As expected, memory usage is unchanged and performance is slightly better as the autoloader time isn’t being measured. However, this shows that PHP-DI, even loading 42 files has a negligible impact on the total execution time and the relative performance remains the same, loading dozens of files is not the cause of PHP-DI and Zend\DI having relatively slow performance.

Even after ignoring the overhead of loading files, there are still two distinct ballparks here. Aura, Dice and Orno are very similar in performance and memory usage while PHP-DI, Zend and Symfony are only in competition with each other.

All the tests going forward will ignore the autoloading time to ensure it’s truly the container’s performance that is being measured.

Test 3 – Deep object graph

This test is done by having the containers construct this set of objects 10,000 times:

for ($i = 0; $i < 10000; $i++) {
        $j = new J(new I(new H(new G(new F(new E(new D(new C(new B(new A())))))))));

Test code (on github): Aura, Dice, Orno\Di, PHP-DI, Symfony\DependencyInjection, Zend\Di

Note: As you can see by looking at the test code, Symfony, PHP-DI and Aura require considerably more configuration code than the other containers to perform this test. The configuration time was not included in the test.

Test 3 - Execution Time

Again, there’s very little difference between the top 3, with Dice 20% faster than Aura and 70% faster than Orno. All three are considerably faster than Zend, PHP-DI and Symfony. The difference between the three top containers is so slight in real terms that you would never notice the speed difference outside an artificial benchmark like this.

Zend, PHP-DI and to a lesser extent Symfony are slow here. Zend takes 37 seconds to perform a task Dice manages in under 1 second; certainly not a trivial difference. Yet again, Symfony takes the lead among the big name containers.

Test 3 - Memory Usage

Test 3 - Memory Usage

Memory and file counts are consistent with what we’ve seen in other tests.

Test 4 – Fetching a Service from the container

DI Containers also have to store and retrieve services which will be reused throughout the application. This test fetches a single instance from the container repeatedly.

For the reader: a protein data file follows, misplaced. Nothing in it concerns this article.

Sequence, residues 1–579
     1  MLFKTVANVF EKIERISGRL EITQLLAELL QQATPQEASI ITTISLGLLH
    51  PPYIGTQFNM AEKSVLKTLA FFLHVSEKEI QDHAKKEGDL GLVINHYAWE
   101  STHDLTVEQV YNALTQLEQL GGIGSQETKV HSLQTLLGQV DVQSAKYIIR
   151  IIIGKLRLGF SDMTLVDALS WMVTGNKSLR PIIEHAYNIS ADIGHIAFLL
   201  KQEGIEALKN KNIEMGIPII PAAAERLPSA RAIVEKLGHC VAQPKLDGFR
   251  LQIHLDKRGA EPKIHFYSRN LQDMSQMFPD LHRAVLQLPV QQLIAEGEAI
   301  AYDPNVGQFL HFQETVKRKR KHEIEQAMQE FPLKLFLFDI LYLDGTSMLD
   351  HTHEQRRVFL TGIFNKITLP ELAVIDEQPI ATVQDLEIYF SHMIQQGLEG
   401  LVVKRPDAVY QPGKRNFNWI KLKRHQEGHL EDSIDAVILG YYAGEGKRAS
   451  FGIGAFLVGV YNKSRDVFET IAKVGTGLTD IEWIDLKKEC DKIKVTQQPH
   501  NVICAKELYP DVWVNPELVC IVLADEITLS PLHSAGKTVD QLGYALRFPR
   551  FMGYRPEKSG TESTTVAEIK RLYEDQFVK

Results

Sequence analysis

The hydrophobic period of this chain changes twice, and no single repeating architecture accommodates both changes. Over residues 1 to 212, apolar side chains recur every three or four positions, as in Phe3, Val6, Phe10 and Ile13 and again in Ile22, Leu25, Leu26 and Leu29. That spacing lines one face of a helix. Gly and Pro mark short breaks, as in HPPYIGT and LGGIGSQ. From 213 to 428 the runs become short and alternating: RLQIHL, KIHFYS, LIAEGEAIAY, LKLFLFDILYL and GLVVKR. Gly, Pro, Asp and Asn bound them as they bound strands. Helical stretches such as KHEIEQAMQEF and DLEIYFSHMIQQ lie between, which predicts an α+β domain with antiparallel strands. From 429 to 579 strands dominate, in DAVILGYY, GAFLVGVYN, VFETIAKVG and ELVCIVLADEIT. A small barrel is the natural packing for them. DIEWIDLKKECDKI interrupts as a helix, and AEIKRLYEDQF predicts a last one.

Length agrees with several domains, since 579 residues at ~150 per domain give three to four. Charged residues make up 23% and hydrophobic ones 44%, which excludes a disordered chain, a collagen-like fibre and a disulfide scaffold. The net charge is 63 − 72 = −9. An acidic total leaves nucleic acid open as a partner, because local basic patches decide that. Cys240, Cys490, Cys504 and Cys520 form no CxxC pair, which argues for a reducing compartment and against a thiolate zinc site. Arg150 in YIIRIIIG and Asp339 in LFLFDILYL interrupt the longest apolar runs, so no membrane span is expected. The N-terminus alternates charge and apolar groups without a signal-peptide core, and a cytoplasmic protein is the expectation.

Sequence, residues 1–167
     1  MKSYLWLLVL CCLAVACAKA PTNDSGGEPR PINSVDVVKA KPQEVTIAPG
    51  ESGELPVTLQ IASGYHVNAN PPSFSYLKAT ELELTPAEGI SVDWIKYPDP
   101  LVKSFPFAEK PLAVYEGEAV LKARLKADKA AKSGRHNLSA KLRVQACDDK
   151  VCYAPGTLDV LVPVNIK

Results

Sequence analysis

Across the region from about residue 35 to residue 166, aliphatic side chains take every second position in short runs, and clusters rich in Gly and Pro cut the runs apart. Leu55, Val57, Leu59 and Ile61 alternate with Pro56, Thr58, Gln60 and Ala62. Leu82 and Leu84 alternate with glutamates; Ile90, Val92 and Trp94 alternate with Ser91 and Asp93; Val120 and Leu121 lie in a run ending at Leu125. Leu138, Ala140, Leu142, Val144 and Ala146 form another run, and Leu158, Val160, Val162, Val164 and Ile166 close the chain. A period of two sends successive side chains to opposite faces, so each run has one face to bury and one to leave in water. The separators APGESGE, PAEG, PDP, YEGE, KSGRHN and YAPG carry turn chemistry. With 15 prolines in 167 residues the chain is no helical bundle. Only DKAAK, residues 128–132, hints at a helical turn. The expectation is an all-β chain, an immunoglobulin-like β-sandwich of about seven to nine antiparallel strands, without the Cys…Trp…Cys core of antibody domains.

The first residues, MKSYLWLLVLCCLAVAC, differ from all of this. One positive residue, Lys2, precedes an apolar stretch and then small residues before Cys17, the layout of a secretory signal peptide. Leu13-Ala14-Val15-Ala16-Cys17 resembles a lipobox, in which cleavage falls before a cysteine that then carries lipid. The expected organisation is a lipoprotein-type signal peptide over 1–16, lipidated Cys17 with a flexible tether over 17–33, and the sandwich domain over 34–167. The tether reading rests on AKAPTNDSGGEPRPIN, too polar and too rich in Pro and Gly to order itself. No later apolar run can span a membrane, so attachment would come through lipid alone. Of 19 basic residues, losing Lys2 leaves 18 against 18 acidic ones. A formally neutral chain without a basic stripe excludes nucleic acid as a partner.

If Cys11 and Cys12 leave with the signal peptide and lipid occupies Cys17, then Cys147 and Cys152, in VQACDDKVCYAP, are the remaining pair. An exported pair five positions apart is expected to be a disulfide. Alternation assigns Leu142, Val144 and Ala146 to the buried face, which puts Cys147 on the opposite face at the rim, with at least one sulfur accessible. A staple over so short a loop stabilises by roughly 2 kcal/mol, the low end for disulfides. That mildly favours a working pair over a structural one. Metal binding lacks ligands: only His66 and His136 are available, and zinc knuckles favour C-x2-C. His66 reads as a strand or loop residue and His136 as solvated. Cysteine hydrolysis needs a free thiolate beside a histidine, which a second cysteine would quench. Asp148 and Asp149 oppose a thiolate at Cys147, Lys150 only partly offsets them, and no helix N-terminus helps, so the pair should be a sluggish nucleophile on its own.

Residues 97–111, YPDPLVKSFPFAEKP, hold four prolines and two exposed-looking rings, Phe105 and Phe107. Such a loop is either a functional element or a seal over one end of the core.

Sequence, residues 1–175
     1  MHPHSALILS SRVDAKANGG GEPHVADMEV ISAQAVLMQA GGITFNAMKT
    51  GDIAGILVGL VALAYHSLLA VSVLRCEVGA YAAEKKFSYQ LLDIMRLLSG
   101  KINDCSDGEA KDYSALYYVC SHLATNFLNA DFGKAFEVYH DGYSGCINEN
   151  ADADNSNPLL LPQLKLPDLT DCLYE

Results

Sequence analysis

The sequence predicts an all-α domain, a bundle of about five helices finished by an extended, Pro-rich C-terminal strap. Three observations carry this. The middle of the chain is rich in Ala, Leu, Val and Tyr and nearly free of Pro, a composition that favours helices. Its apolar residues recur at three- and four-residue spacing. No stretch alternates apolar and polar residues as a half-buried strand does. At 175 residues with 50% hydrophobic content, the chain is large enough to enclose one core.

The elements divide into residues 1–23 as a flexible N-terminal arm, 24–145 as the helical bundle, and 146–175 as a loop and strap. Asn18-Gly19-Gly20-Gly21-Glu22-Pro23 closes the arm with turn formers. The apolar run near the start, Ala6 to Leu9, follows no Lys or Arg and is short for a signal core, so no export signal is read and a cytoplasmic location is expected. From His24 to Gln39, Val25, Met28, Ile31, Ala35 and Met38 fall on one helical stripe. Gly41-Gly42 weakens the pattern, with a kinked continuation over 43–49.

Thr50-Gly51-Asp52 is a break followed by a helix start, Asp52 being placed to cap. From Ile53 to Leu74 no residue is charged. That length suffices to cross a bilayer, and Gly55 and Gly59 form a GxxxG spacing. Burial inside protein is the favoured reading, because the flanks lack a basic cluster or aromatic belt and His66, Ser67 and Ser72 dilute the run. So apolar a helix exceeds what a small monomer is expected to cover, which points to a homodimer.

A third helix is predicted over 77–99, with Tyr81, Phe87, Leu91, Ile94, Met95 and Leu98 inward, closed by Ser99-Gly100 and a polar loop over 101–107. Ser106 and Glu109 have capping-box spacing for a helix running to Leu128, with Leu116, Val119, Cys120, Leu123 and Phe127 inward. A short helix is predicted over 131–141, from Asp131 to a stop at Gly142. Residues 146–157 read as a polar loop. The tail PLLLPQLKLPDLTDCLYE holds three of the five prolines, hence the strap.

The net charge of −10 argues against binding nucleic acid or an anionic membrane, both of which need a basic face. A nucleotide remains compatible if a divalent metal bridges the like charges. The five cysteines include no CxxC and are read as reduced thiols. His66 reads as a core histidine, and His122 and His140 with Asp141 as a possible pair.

Pure PHP Equivalent:

$a = new A;
    for ($i = 0; $i < 10000; $i++) {
      $a1 = $a;

Test code (on github): Aura, Dice, Orno\Di, PHP-DI, Symfony\DependencyInjection, Zend\Di

Test 4 - Execution Time

This is unexpected based on previous results. All the containers except Zend and Symfony are roughly equal with just 0.01s separating the top 4 results. Symfony is not far behind, but Zend is well over ten times slower than the others.

Test 4 - Memory Usage

Test 4 - Number of Files

Memory usage and number of files results are becoming predictable with the same division between the containers that we’ve seen in execution time throughout.

Test 5 – Inject a service

The final test is to see how quickly an object can be constructed and have a service injected. This takes the format:

$a = new A;
    for ($i = 0; $i < 10000; $i++) {
        $b = new B($a);

Test code (on github): Aura, Dice, Orno\Di, PHP-DI, Symfony\DependencyInjection, Zend\Di

Test 5 - Execution Time

Interestingly, Aura has taken a slight lead in this test. However, it’s not quite a like-for-like test as Symfony and Aura require several lines of explicit configuration while the other containers automatically resolve the dependency. The time taken to configure the container was not part of the benchmark.

Surprisingly, PHP-DI is the slowest at this task, with Zend taking its position ahead of PHP-DI and Symfony for the first time.

Test 5 - Memory Usage

Test 5 - Number of Files


On performance alone, Dice, Aura and Orno are all strong competitors, Dice is fastest overall and Aura fastest in the final test. The difference between the two distinct groups is apparent but its interesting to compare features of each container. Number of features and performance do not quite correlate as you’d expect. Both PHP-DI and Dice contain unique features but PHP-DI takes a heavy performance hit for doing so. Aura, although fast, requires a lot of manual configuration and does, as you’d expect, have very minimal features whereas Dice and Orno have very similar performance but require a lot less code to configure.

Symfony is very much in the middle ground in all tests, although configuring it, as with Aura, is a much more difficult task as neither support type hinted parameters. If you’re looking for a container from a well known project, then Symfony has to be the container of choice if performance is important.

That said, if pure performance is what you’re after then Dice and Aura are the clear winners with Orno very close behind. However, it’s worth taking a look at configuration syntax and features of each to see which you would prefer working with as the performance difference between Dice, Aura and Orno is negligible for any real application.